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In Jodi Picoult's My Sister's Keeper, Anna Fitzgerald is brought into the world by means of in vitro fertilization as "savior sister." Savior siblings are always in vitro because if the conception occurs outside the body, zygotes, or the initial cells, can be genetically tested. In this way, it will be known whether the savior sibling's organs and cells will be compatible with the sibling who will need them. With such a designed birth, there are social issues, of course.
- The Ethics of Breeding a child for design
Because Kate Fitzgerald, Anna's sister, suffers from promyelocytic leukemia, cancer of the blood and bone marrow, Kate's doctor makes an informal suggestion to Kate's mother about giving birth to another child who could be a savior sibling; this suggestion is made informally because a formal suggestion would constitute a violation of medical and legal ethics and the physician would lose his license to practice medicine.
On the parents' parts, there is the question of selective breeding. Since the baby is to be born so that it can be a "loaner" to the ailing sister, the implication is that zygotes are rejected if they fail the genetic match-up tests. Also, the savior sibling can become a mere "laboratory experiment."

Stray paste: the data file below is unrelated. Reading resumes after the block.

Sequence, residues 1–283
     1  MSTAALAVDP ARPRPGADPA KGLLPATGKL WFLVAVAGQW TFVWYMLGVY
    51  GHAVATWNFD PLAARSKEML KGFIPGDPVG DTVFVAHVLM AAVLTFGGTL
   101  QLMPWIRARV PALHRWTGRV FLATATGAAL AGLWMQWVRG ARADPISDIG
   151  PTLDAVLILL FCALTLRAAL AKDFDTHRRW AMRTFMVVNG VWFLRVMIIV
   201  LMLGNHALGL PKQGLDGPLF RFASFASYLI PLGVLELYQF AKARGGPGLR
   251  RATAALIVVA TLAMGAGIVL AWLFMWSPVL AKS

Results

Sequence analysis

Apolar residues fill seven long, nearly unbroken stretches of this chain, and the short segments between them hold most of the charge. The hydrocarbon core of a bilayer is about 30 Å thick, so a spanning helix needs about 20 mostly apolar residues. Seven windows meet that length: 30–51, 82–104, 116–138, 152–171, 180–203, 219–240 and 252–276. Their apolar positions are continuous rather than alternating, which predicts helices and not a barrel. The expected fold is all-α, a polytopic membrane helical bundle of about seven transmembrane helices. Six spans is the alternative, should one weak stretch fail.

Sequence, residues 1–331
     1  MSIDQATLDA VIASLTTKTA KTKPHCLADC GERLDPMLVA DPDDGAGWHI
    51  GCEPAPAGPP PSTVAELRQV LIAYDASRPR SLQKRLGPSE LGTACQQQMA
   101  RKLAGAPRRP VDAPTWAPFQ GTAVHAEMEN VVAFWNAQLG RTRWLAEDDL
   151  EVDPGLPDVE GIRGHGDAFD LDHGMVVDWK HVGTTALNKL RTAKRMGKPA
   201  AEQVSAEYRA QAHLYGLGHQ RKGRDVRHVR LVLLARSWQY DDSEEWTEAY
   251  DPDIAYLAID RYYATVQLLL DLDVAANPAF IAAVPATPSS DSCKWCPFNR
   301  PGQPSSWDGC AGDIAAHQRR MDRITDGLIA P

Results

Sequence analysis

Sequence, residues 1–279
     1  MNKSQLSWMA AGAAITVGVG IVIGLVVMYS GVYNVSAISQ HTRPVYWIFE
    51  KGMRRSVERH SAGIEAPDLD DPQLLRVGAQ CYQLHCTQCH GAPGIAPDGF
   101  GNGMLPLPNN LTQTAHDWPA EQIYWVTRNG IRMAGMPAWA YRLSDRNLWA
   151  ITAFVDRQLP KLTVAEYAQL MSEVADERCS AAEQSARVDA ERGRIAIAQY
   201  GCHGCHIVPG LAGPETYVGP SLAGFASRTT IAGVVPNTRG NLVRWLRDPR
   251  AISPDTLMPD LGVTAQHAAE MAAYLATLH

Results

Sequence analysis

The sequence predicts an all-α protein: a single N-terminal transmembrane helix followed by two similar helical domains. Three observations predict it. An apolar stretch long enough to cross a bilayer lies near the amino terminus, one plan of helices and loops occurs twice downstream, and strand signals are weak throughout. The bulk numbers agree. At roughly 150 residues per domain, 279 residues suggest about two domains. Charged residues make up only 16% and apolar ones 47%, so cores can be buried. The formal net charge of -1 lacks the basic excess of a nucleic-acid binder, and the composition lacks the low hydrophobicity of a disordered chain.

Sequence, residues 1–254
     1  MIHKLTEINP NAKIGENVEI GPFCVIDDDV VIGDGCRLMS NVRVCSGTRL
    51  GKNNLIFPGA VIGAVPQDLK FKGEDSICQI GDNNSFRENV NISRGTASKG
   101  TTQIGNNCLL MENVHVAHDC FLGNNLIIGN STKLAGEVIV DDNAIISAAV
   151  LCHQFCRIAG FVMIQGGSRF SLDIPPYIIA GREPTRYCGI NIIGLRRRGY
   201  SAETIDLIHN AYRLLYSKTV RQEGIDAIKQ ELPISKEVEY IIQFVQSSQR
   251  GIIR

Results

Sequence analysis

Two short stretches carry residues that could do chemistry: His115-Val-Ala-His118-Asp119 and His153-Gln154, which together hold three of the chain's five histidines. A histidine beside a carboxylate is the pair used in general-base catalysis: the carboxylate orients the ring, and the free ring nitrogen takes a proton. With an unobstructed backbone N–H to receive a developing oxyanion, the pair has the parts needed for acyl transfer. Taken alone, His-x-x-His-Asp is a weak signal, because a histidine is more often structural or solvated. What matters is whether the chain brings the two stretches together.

- The Ethics of using a sibling's body as a supplier for another sibling
In both the book and the movie version, Anna learns that she is going to be asked to donate her kidney to her sister, and, in the book her sister requests that she not do so; in the movie, Anna does not want to donate any body part, so she hires an attorney to sue for partial termination of parental rights. Here the question arises if it is morally correct to make a child donate blood or body parts to a sibling. At one point, the justification for this type of operation is made for Kate Fitzgerald,
"It's about a girl who is on the cusp of becoming someone.. A girl who may not know what she wants right now, and she may not know who she is right now, but who deserves the chance to find out.”
- The dilemma of Genetic Engineering
If babies can be designed to fit the needs of siblings, what is to prevent further genetic engineering? Certainly, the potential for a Brave New World presents itself as one family proceeds to genetically reproduce a sister for Anna, a genetic copy for her business. What, then, is the next step?
- The rights of the "savior sibling"
Does the minor child have a right to deny the parents' argument that he/she donate cells or organs to the sibling? In the narrative of Picoult's Anna hires a lawyer to sue for partial termination of parental rights.
On the other hand, do the parents have a right to infringe upon other's lives for the sake of saving their child's life?
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